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NMEA 2000 fees, James Hamilton suggestions

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I just published a profile of Jennifer and James Hamilton and their Nordhavn 52 M/V Dirona...

http://www.panbo.com/archives/2017/04/mv_dirona_deep_cruising_deeply_shared.html

...and during our email discussions, James -- who has a lot of experience with N2K and tech standards licensing in general -- made the following interesting suggestion about NMEA 2000 fees. I will indeed send it along to the NMEA, but what do you all think?

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"I looked up the NMEA2000 price and, you are right, it is lower than the $10k I incorrectly reported (I'm pretty sure I did look it up in the 1999 time frame). It's now "only" $4k for the full doc which is considerably better but still pretty high for a hobbyist or single boat owner.

Arguably $4k is way too low for Furuno and way too high to build a full spectrum ecosystem. Since you talk to NMEA and already have helped make NMEA 2000 more successful, my recommendation having spent time around software licensing which is far from identical but has some similarities would be to make it free for non-commercial users. This helps keep folks compliant since the spec is out there and getting read. People who know the spec will ask gear manufacturers to be compliant. It would help build an ecosystem of hobbyists, experimenters, and start-ups would be more likely to develop compliant products.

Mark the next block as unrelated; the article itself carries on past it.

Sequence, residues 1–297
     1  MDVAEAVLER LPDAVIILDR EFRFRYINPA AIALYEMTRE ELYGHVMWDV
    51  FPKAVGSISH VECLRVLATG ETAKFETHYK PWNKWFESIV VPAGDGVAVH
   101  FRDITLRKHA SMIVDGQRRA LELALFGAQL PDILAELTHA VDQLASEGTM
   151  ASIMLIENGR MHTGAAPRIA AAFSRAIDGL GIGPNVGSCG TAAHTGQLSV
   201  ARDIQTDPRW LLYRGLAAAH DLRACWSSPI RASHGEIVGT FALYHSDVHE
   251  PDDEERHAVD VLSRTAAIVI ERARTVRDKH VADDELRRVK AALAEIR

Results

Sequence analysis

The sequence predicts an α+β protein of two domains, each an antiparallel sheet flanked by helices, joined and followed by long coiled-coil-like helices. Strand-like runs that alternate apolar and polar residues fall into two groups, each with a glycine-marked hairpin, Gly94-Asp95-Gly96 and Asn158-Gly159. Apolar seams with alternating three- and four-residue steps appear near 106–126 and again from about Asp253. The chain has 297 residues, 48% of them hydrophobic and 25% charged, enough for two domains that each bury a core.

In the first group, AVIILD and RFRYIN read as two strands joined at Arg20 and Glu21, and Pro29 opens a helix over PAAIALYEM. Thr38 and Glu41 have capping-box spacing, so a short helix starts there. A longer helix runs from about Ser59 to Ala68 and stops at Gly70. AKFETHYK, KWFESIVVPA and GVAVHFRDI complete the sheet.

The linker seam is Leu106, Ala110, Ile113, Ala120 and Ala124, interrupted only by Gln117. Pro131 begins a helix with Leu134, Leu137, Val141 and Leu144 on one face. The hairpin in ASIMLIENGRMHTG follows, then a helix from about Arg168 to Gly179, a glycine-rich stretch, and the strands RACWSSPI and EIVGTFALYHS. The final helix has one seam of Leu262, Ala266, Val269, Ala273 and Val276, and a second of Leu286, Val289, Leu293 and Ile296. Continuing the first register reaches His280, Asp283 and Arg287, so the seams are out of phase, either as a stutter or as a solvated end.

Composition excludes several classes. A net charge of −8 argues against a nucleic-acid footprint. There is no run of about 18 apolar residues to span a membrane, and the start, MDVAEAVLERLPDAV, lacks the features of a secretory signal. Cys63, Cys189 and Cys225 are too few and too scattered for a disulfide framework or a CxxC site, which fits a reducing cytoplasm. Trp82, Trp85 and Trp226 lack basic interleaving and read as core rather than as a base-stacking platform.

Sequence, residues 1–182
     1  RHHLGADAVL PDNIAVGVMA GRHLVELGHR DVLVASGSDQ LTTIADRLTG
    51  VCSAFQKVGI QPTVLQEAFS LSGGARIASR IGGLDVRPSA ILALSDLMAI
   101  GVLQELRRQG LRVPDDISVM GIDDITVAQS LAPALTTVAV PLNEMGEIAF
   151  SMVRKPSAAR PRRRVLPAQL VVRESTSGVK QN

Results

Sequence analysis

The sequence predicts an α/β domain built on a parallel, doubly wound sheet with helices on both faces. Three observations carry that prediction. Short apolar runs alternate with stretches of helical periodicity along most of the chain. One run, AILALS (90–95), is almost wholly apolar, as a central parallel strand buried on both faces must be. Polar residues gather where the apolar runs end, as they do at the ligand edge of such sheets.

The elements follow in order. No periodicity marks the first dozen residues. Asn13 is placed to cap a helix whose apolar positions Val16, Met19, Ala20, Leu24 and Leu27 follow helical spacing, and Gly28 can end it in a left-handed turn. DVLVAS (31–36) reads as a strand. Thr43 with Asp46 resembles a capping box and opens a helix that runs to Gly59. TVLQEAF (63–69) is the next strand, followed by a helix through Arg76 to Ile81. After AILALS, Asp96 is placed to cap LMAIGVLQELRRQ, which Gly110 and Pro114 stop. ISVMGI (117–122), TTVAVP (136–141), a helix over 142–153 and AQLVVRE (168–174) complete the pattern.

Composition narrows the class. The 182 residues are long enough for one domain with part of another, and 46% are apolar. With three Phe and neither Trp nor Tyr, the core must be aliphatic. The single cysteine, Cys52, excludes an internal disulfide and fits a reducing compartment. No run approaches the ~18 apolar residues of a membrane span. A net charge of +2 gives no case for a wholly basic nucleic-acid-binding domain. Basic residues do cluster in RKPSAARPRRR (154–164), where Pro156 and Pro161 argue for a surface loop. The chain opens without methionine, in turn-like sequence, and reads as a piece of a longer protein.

I would have three licensing schemes: 1) free for non-commercial, 2) royalty on sales for small scale companies where upfront payments can be difficult and they have no idea if the device will succeed in market (perhaps 1/4% to 1/2% of sales), and 3) over $50k for unrestricted commercial licensees that have a large market to sell into. I'll bet this approach would bring more NMEA revenue, cause more NMEA use, and yield more innovation in devices using NMEA2000. Right now, two things keep happening: 1) NMEA0183 remains the preference for many and it's really not an ideal protocol for cross device data sharing and central logging, and 2) the protocol gets reversed engineered (poorly). If folks like me had licensed the spec on any of the three terms suggested above, I would have also signed on to the licensing restrictions. Probably better for everyone and, in the end, I don't really care and the restrictions don't bother me. I just want to make stuff work quickly and a spec would make my life easier.

Feel free to publish, pass along to NMEA, or even junk any or all of the above. You seemed interested so I wanted to pass on some suggestions since I really like NMEA2000 and use it extensively."

-- James Hamilton

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